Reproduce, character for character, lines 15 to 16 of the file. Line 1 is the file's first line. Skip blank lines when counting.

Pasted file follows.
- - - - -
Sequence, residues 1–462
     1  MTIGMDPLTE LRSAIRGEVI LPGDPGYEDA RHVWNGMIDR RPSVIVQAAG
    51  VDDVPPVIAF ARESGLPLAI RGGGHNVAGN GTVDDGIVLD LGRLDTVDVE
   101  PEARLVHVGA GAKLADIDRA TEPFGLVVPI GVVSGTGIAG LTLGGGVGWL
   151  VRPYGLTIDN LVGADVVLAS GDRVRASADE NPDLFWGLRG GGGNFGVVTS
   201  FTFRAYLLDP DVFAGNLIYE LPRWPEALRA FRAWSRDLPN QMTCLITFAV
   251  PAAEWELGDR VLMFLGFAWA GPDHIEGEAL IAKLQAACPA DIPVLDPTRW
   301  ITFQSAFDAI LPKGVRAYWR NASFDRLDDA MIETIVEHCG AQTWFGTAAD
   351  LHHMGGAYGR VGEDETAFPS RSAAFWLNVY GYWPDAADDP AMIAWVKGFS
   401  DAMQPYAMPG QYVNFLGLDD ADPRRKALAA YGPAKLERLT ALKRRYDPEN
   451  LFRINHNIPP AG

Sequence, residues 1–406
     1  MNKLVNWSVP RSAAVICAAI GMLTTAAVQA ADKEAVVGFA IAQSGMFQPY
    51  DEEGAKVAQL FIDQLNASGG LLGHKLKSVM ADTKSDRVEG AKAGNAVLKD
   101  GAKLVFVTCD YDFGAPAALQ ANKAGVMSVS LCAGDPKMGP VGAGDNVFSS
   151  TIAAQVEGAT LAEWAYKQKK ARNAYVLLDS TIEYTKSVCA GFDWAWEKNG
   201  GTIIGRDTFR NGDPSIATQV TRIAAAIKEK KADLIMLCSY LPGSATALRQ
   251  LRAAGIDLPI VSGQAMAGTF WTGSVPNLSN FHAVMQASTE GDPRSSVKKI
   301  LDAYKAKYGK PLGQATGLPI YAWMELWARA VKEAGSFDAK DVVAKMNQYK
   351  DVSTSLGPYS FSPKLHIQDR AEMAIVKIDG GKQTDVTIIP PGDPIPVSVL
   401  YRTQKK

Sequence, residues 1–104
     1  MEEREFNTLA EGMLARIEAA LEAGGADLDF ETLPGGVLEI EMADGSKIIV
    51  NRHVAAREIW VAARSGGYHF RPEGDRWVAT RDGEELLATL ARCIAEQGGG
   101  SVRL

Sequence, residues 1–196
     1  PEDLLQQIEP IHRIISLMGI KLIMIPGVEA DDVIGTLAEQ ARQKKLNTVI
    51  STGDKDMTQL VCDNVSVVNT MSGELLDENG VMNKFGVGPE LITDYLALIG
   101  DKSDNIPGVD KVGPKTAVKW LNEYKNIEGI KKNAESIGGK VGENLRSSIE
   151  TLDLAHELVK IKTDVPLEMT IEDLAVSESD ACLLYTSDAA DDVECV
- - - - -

   101  GAKLVFVTCD YDFGAPAALQ ANKAGVMSVS LCAGDPKMGP VGAGDNVFSS
   151  TIAAQVEGAT LAEWAYKQKK ARNAYVLLDS TIEYTKSVCA GFDWAWEKNG